Contracting Out of the Property (Relationships) Act 1976 09 Dec 2011
If you are married, or in a civil union or de facto relationship, New Zealand's Property (Relationships) Act 1976 will have an impact on what happens to your property in the event of separation or death.
The Act makes provision, however, for you and your spouse to specifically agree on what is to happen to your property by entering into a contracting out agreement.
Who can enter into an agreement?
Section 21 of the Property (Relationships) Act 1976 provides that a husband and wife, civil union partners, de facto partners, or two persons in contemplation of entering into a marriage, civil union or de facto relationship may contract out of the provisions of the Act.
Why enter into an agreement?
There are numerous reasons for electing to contract out of the Act. Usually, it is to avoid the presumption of equal sharing of property that arises when the relationship ends. However, an agreement may also assist with asset, estate or tax planning. It may be a desire by one or both parties to preserve all of the property owned or acquired by them prior to the commencement of the relationship as his or her own separate property. Where one partner has children from a previous relationship, there may be a dersire to ensure that those children are adequately provided for from their property. Alternatively, the parties may simply wish to record their decision to treat certain property differently.
What can be included in the agreement?
Section 21D of the Act sets out what can be included in an agreement. An agreement can:
- declare property to be separate or relationship property;
- define the share each party to the agreement has in any part or all of the relationship property;
- define shares on death;
- provide for the calculation of the shares; and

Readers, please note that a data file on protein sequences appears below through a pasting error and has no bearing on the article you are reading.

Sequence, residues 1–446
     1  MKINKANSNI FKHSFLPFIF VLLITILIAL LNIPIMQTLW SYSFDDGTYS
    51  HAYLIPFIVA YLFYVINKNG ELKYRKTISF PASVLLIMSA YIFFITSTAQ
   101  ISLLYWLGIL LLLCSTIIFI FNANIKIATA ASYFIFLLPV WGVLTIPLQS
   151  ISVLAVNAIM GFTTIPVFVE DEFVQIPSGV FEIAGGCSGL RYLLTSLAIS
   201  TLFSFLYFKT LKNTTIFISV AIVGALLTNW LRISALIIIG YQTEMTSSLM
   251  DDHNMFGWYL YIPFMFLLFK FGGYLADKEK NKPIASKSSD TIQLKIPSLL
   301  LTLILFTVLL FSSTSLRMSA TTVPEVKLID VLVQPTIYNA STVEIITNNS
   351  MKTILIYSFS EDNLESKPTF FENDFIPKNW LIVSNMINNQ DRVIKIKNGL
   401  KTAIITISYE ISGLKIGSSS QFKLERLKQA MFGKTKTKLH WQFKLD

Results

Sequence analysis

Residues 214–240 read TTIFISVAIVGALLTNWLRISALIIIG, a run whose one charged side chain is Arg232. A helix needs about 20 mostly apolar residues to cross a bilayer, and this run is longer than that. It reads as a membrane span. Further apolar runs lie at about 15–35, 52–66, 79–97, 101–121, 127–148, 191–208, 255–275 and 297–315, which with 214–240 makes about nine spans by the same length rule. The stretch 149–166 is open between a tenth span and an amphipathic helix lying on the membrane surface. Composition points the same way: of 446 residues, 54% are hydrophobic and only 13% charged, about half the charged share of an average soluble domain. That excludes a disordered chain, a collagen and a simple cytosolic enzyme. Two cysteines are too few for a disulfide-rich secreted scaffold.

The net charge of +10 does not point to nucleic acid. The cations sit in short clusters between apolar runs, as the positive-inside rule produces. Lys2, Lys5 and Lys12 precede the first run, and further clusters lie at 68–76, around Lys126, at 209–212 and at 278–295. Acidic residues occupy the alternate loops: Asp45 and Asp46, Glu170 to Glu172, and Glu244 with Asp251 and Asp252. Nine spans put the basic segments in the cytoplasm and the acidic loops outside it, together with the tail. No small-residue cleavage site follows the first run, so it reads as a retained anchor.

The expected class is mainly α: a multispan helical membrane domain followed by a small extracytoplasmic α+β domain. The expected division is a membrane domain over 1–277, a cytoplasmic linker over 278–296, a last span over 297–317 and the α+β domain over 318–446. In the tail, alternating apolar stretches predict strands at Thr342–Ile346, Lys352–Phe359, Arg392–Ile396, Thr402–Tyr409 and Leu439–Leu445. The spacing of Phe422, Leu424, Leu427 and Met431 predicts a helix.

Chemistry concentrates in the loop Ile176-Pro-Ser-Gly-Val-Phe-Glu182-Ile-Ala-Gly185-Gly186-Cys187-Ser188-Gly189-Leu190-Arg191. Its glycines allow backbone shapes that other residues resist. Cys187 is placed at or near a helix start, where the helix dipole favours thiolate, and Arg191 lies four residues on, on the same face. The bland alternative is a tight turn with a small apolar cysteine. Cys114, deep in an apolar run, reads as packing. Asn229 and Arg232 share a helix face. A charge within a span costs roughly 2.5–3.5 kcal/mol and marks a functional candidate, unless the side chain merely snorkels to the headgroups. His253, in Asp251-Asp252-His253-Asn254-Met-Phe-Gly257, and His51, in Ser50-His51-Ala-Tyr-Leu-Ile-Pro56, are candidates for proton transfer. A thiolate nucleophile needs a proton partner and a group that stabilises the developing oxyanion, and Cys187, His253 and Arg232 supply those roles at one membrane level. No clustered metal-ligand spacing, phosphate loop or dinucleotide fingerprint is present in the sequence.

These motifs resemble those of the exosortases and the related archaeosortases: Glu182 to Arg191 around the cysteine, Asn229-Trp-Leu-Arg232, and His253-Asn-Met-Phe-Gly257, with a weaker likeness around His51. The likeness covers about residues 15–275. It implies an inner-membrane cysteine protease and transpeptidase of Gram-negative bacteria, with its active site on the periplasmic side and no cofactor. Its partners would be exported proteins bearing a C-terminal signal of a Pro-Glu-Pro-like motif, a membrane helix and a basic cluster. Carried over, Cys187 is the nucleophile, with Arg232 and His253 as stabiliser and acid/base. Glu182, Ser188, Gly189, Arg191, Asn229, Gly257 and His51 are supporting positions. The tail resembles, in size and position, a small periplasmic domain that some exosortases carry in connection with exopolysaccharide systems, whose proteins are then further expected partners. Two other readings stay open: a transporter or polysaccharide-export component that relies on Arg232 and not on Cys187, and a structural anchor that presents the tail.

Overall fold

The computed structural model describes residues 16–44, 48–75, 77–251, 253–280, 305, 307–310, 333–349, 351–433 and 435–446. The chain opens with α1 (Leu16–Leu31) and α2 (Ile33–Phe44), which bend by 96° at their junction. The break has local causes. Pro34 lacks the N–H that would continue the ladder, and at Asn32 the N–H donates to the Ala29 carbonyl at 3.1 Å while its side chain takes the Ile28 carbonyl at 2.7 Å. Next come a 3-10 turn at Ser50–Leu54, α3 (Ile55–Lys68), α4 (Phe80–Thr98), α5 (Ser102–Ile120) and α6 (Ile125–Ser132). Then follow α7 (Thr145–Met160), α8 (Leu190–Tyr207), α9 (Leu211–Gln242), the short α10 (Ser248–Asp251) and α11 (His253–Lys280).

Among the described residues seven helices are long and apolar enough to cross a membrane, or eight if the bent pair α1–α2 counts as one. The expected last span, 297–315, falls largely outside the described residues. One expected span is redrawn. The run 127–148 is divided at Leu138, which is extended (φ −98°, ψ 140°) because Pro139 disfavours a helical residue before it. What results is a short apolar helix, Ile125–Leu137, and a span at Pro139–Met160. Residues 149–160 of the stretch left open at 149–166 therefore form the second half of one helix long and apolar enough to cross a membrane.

- prescribe the method by which the relationship property is to be divided.
Section 21 of the Act permits parties to an agreement to make any arrangements they think fit with respect to their property, including property acquired in the future by one or other or both of the parties.
“Property” is specifically defined in section 2 of the Act and includes the following:
- real property (i.e. land);
- personal property;
- any estate or interest in any real property or personal property;
- a debt; and
- any other right or interest.
How is the agreement made valid?
Section 21F of the Act records an agreement will be void unless it complies with certain requirements. Those include the following:
- The agreement must be in writing and signed by both parties.
- Each party to the agreement must have independent legal advice before signing the agreement.
- The signature of each party to the agreement must be witnessed by a lawyer.
- The lawyer who witnesses the signature of a party must certify that, before that party signed the agreement, the lawyer explained to that party the effect and implications of the agreement.
It is important to recognize that an agreement contracting out of the provisions of the Act needs to be revisited on a regular basis. It is impossible when drafting an agreement to anticipate every eventuality just as it is impossible to foresee, at the outset, the longevity of a relationship.